I’ve been asked a few times recently whether I ran ‘the marathon’ or, prior to Sunday, whether I was running ‘the marathon’. ‘The marathon’ is, of course, the Virgin London Marathon. Because that’s the only marathon, isn’t it?
When asked, I’ve said ‘no’. Not because I am now running scared of fast races on roads, but because I have deferred my entry until 2013 as I’m running a race called the Fellsman, six days after London. ‘How far is that?’ is the next question, of course. ‘About 60 miles,’ I respond.
Even now, writing the digits of this dreadful figure sends a shiver down my spine – 60 miles. How does one run 60 miles? When I tell people about the Fellsman, about its 60 miles from Ingleton to Threshfield, they tend to give a half-laugh, a shake of the head, a look of incredulity. I’ve had the same response from adults and children. Even 11 and 12-year-old school boys know how ridiculous the concept of running 60 miles is. It is unfathomable.
Nevertheless, in three days time, I will seek to run further than I have ever run. In fact, further than I ran in the entirety of last week, even though that week included a single run of 29 miles across the South Downs. In fact, further than I run in most weeks.
My 50th anniversary Fellsman instruction booklet – all 36 pages of it! – with my race number emblazoned on the front arrived several weeks ago. I still haven’t digested it all. As a Fellsman novice, my mind is a blur of checkpoints, grid references, food stops, summits and places I have never heard of (let alone visited) and grouping times, as well as a hundred other dilemmas that form the intricacies of this race.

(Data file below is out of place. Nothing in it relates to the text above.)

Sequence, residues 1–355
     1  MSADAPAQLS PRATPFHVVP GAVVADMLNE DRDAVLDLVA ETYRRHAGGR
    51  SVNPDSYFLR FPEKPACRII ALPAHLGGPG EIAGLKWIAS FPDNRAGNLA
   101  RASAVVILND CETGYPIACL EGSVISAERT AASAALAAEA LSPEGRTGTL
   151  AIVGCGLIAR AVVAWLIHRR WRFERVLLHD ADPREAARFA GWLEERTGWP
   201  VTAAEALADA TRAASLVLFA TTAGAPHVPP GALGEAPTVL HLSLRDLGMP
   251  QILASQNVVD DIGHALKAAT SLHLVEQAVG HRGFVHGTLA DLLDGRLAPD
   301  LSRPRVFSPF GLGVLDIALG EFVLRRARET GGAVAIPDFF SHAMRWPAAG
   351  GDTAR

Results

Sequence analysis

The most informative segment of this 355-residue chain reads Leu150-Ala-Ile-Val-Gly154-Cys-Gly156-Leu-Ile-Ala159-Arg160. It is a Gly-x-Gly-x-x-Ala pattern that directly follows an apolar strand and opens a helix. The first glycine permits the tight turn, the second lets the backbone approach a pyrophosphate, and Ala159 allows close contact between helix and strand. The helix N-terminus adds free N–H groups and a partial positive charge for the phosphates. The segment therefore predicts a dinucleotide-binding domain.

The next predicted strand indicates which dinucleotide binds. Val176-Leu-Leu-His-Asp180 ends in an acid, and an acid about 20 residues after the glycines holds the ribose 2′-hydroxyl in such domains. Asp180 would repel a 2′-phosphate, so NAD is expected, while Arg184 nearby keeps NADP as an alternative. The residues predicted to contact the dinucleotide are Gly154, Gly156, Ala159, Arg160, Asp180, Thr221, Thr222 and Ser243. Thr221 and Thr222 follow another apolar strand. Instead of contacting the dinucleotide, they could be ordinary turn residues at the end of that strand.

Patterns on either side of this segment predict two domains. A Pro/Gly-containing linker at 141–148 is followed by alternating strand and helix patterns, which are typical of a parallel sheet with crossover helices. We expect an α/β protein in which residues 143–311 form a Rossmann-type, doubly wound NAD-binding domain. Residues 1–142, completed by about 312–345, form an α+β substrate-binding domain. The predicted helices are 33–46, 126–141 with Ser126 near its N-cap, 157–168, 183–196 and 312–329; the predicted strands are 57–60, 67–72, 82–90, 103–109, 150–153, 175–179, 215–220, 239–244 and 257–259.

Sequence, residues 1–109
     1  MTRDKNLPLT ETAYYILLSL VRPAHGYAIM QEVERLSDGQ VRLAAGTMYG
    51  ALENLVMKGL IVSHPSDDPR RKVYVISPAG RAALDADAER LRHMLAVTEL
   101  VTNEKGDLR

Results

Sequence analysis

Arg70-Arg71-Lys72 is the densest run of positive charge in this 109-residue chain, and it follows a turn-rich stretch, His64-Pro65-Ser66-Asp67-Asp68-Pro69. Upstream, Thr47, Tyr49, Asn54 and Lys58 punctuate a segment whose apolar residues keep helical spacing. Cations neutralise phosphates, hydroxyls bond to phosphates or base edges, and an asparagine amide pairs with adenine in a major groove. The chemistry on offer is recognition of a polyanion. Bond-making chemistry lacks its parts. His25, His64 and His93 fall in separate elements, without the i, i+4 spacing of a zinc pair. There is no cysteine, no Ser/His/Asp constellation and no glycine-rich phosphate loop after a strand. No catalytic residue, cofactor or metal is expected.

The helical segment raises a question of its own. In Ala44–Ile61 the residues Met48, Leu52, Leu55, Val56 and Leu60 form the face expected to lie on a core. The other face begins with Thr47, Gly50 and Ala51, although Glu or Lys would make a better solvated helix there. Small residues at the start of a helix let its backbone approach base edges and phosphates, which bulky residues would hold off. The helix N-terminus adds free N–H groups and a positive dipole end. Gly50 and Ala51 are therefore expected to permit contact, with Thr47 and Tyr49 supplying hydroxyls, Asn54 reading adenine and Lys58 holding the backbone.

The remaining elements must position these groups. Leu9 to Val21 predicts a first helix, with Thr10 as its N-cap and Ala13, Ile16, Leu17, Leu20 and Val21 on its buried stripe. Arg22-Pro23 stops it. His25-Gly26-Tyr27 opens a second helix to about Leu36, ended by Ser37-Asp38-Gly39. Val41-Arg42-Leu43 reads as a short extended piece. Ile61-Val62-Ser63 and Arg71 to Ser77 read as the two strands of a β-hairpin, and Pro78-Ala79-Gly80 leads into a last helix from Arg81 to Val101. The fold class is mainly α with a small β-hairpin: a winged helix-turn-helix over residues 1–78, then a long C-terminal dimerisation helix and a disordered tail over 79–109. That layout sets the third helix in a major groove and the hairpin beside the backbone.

Nor have the ‘Fellsman statistics’ escaped my notice. Out of 368 starters last year, 104 dropped out. Meanwhile, having paid the entry fee, 121 people didn’t even show up on race day. That’s an awful lot of financially-committed people who had a better offer.
I’ve no reason to drop out, unfortunately. I’m being facetious, of course; I can’t wait. I am looking forward to beginning the climb of Ingleborough, looking forward to conquering the summits of Whernside, Gragareth, Great Knoutberry, Buckden Pike and Great Whernside. I am looking forward to seeing a day pass, to still be on the hills as dusk arrives. I am looking forward to pasta at Stonehouse checkpoint, to hotdogs at Redshaw. I am looking forward to the feeling – all being well – that comes from running 60 miles and climbing 11,000ft in something like 12, 13 or 14 hours.
And more than anything, I am looking forward to being part of a legendary fell event, an event that is much more than a race; it is a journey.